If you’re lucky enough to snag a campground (or, better yet, a cabin!) you’ll find yourself with summer memories that last a lifetime.
Offering more than 200 campsites, a handful of pet-friendly yurts and deluxe cabins, the Cape Lookout State Park campground is a favorite amongst visitors and locals alike, so book (super) early!
The park’s proximity to the ocean is hard to beat and the calming sound of the ocean lulling campers to sleep is quite the unique experience.
You May Enjoy Reading: 12 EPIC Campgrounds at the Oregon Coast
Hug Point State Recreation Site
Hug Point State Park is one of the most visited state parks at the Oregon Coast, but not without reason. This lovely sand cove beach offers a unique landscape worth getting excited about.
Hills dressed in salal (an evergreen shrub), ferns and sitka spruce, revealing a seasonal waterfall and numerous caves carved into sandstone cliffs. Tide pools expose themselves during low tide, which only adds to the fun.
There’s also a charming forested picnic area, public restroom and easy access to the beach. It’s no wonder so many folks consider this one of the best Oregon coast state parks, myself included.
But take note: Exercise caution when exploring this popular Oregon coast state park because it’s possible to get stranded by an incoming tide if you’re not careful. As you probably know, the tide changes with the seasons, so “when in doubt, don’t go out.”
Devil’s Punchbowl State Natural Area
The Devil’s Punchbowl is an easily accessible opportunity to see one heck of a unique rock feature right from the parking lot. The Punchbowl refers to the rock–a sea cave whose top has, well, caved in on itself, allowing visitors standing above a glimpse inside.
While this vantage point gives you a chance to marvel at the wet and colorful rocks swirling with reds, browns, and ochres, a small opening on the ocean-facing side of the formation lets water inside of the cave as the tide ebbs.
Occasionally the water will flood the cavern in such a way that results in a geyser-like explosion, or a “punch” if you will, as the water sprays upward from the force of the ocean rushing into the small cave.
While the punchbowl is typically known for being viewable from the top, folks can access the lower beach walk inside the cave at low tide. These unique geological features make Devil’s Punchbowl one of the most interesting state parks in Oregon.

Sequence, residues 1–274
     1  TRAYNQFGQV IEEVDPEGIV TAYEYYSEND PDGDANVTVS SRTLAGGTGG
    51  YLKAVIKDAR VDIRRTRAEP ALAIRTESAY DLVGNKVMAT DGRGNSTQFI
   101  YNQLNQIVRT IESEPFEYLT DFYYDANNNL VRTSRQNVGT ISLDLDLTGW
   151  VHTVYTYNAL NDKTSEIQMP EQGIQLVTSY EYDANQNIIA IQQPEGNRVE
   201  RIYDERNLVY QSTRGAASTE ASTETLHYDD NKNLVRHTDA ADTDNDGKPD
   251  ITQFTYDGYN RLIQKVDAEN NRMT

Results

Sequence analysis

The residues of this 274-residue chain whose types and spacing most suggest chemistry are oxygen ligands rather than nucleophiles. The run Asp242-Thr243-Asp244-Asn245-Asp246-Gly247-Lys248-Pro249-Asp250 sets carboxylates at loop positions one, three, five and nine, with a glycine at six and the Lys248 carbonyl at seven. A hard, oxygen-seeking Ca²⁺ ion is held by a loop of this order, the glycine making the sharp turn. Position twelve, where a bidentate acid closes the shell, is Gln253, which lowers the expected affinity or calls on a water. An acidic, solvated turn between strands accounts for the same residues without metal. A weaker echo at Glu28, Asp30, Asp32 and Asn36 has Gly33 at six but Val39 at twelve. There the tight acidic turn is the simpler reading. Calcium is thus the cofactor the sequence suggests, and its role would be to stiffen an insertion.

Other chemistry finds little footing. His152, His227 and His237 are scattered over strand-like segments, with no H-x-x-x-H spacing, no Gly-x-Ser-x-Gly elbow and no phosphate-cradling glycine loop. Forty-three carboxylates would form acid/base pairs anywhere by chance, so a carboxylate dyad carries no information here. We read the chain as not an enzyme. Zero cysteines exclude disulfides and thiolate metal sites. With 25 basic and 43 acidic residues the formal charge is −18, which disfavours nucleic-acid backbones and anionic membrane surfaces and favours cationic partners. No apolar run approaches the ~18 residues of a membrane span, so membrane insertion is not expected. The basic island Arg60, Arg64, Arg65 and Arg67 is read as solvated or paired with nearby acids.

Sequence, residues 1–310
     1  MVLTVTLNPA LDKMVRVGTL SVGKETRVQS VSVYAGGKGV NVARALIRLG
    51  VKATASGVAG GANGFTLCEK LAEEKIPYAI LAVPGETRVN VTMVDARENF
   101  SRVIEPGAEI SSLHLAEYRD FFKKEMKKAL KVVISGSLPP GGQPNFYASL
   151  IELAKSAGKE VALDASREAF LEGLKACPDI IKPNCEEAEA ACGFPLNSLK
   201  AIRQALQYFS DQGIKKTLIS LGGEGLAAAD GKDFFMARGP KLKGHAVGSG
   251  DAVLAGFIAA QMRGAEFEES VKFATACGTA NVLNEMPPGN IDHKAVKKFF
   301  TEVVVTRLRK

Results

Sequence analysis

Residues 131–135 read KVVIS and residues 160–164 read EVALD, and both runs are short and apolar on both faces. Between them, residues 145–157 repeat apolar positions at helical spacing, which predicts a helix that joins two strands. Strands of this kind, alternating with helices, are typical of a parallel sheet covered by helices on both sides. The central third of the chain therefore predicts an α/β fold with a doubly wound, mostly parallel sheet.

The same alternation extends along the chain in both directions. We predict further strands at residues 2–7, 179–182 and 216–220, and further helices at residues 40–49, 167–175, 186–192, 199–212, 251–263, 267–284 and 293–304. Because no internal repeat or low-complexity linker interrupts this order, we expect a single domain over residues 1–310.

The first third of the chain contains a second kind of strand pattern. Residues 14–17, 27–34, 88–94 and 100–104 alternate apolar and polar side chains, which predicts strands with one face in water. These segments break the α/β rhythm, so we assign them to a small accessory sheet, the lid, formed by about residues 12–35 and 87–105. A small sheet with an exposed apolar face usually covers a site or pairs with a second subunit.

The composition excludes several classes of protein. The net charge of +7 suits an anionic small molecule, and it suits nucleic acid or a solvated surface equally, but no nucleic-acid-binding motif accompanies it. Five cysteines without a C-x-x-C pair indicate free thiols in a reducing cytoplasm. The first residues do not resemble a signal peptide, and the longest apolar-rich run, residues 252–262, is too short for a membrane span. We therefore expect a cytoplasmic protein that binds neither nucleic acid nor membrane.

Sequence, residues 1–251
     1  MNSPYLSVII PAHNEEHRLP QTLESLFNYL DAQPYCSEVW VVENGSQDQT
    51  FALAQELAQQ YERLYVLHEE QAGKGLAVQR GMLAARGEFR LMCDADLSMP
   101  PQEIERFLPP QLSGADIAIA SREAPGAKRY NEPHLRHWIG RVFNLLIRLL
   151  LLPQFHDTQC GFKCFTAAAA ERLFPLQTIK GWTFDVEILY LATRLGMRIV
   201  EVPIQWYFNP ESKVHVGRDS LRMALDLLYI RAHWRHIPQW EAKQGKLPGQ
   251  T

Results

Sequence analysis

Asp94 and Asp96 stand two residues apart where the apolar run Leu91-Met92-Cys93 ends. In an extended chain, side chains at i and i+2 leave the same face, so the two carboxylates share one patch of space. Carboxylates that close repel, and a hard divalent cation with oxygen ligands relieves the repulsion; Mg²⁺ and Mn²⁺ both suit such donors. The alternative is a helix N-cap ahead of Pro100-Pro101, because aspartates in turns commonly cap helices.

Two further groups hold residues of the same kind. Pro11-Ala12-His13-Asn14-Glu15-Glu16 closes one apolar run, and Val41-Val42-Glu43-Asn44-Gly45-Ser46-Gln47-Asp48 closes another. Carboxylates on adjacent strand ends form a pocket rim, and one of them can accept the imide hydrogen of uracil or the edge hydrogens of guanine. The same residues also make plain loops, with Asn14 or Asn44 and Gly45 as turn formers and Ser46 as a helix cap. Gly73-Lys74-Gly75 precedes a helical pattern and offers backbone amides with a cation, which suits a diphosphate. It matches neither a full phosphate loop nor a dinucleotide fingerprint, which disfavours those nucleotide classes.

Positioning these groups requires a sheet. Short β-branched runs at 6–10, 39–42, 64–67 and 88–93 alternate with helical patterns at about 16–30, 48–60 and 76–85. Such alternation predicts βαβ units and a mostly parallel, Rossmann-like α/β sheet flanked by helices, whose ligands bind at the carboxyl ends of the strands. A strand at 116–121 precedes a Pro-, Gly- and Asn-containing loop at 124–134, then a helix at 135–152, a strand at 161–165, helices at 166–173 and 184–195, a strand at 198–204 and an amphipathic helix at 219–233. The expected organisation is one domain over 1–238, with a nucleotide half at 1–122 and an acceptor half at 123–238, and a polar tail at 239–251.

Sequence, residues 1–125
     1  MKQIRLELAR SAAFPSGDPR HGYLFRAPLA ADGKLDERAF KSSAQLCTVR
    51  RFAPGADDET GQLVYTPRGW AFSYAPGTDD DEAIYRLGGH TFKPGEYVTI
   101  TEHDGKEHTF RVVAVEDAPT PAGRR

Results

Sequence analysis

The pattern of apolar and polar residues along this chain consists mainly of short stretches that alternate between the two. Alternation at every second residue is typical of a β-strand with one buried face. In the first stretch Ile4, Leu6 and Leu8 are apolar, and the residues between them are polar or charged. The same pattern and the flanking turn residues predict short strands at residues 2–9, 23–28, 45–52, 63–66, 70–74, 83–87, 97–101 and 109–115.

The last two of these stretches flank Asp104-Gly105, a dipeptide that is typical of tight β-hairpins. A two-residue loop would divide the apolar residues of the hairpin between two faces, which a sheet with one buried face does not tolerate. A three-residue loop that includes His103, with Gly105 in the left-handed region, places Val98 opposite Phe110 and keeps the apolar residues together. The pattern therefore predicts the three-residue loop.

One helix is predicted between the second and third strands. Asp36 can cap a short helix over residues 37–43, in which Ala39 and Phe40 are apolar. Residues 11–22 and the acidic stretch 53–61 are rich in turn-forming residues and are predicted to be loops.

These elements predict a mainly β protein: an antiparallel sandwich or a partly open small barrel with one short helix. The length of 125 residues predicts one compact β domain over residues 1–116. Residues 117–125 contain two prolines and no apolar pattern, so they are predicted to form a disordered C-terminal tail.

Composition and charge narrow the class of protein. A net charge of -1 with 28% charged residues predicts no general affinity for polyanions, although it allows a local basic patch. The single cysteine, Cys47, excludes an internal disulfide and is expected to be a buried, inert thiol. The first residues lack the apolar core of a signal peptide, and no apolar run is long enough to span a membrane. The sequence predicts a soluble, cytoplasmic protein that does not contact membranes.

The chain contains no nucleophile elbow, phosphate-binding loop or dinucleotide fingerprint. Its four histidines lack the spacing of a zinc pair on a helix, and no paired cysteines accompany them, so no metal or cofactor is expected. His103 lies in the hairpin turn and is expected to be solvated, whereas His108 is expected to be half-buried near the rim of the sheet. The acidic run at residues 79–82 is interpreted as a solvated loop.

Editor’s Note: Use extreme caution here: never turn your back on the ocean and be VERY mindful of the tide tables on the day of your visit, as they regularly flood the punchbowl.
Yaquina Bay State Recreation Site
While many of the Oregon coast state parks included in this list are on the coast, this is the only one that features one of the many historic lighthouses.
Yaquina Bay Lighthouse is quaint with its bright white exterior and tidy orange shutters surrounding curtained windows.
The last wooden lighthouse still standing in the state, this building is a vestige of a time when people braved the wild coastal weather to live in lighthouses and patrol the surf, guiding ships safely to land.
The lighthouse is open for tours between October and February, but this entire Oregon coast state park is open year-round for day use.
Access the beach, hiking trails, and picnic tables at this park, stop by the nearby Newport Aquarium to see ocean life up close. Or, better yet, drive a few miles north on Highway 101 to the similarly named Yaquina Head State Outstanding Area.
You’ll get a chance to see a completely different lighthouse, as well as gain access to beachfront trails teeming with rich coastal history and all sorts of critters on both land and sea.
Ecola State Park
Boasting a dramatic 7-mile trail with unbeatable views of Haysack Rock, Ecola State Park is often considered one of the most beautiful state parks at the Oregon coast.
As such, paying a visit (especially at sunset) is one of the best things to do at the Oregon coast.
Ecola is the Chinook word for whale. Lewis and Clark’s expedition led men this way to view a beached whale. The men went to barter for blubber and oil, but Clark found himself awestruck by the beauty, he wrote:
“From this point I beheld the grandest and most pleasing prospects which my eyes ever surveyed, in my frount a boundless Ocean . . . . the Seas brak with great force [and] gives this Coast a most romantic appearance.”